Those Were the Days - A Look at Colombian Cycling Today


Rigoberto Uran gave Colombia it's 12th medal in Olympic competition history.

There’s little doubt that Colombian cycling has had their best year in recent history. Miguel Ángel Rubiano (Androni Giocattoli), Carlos Betancur (Acqua & Sapone), Cayetano Sarmiento (Liquigas), Nairo Quintana (Movistar), Fabio Duarte and Darwin Atapuma (Colombia-Coldeportes), and Sergio Henao (Team Sky) all had great seasons.

But the real star of Colombian cycling this year was, of course, Team Sky’s Rigoberto Uran. The young Colombian had an outstanding Volta a Catalunya, where he won a stage, he took the young riders' classification in the Giro d’Italia, he gave Colombia a silver medal in the London Olympics and toped off the season with a victory in  the Giro del Piemonte and a podium in Lombardia.


Spread in the September 2012 issue of Italian magazine Bici Sport.

All these achievements have not gone unnoticed in the world’s press. Italy’s biggest cycling magazine, Bici Sport, dedicated 12 pages in their September issue to Colombian cycling, and in particular to Uran and Betancur. It’s fitting that the story opened with a 2-page spread with an image of Luis Herrera sporting the Tour polka dot jersey, since many in the cycling world often use Herrera, and the other escarabajos in the 1980s, as reference for how low Colombian cycling has fallen in the last 30 years. Sure, Victor Hugo Peña, who is the only Colombian to ever wear the Yellow Jersey in the Tour (2003), and 2002 TT World Champion Santiago Botero, had outstanding careers, but in the hearts of Colombians, the late 1990s and early 2000s seem almost insignificant in comparison to the “Golden Years” of the Cafe de Colombia and Postobon teams.


1988: Fabio Parra (right), the only Colombian to podium at the Tour de France.

Growing up, as I did, in the midst of a cycling-crazy Colombia in the 1980s it’s hard to disagree. “Those were the days,” I often tell people, when we talk cycling. If I am correct and those were the days, then what about today? Are today also “the days”? Are “the days” back? It sure seems so.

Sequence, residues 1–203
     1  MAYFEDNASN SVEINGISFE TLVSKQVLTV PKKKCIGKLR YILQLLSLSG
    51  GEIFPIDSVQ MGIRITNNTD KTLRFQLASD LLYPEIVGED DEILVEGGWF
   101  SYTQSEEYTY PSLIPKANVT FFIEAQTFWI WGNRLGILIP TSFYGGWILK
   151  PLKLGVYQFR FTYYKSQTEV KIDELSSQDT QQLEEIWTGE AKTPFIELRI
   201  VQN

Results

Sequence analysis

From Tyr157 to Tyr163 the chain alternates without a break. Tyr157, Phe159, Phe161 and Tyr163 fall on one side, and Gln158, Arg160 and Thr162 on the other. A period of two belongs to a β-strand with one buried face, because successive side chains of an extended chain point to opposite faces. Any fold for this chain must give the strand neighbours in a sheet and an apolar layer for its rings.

In 2012 Miguel Ángel Rubiano won a stage in the Giro d’Italia, Carlos Betancur won the Trofeo Melinda, Cayetano Sarmiento took the mountain’s classification in the Dauphiné, Fabio Duarte won the Coppa Sabatini (with Rubiano in second), and Sergio Henao had a break-out year with Team Sky, and let us not forget the previously mentioned achievments of Uran.


Quintana, during the 2012 Tour of Murcia.

What does 2013 bring for Colombia in the world of cycling?  Well, Fabio Duarte and the rest of team Colombia-Coldeportes will be back, although it may change names, depending on sponsorship. Their main objective will be to gain a wild card into the Giro. Carlos Betancur has moved to a ProTour team (AG2R), as has Jose Serpa (Lampre). Henao and Uran have proven their worth in Team Sky and with Juan Antonio Flecha leaving to Vacansoleil, the spring may be a rewarding season for the pair. Winner Anacona (Lampre) may live up to his name, now that his countryman, Serpa, will be in his team, but the one I’m most looking forward to seeing next year, is Nairo Quintana for Movistar. At 22 and only one year as a pro, he has already won the Vuelta a Murcia (plus a stage), a stage in the Critérium du Dauphiné, and a stage in the Giro de Emilia. He also won the overall (and a stage) in the Route du Sud. A feat no other Colombian had achieved since Alvaro Mejia in 1994.

Maybe “the days” really are back. Even better, maybe “the days” are yet to come.


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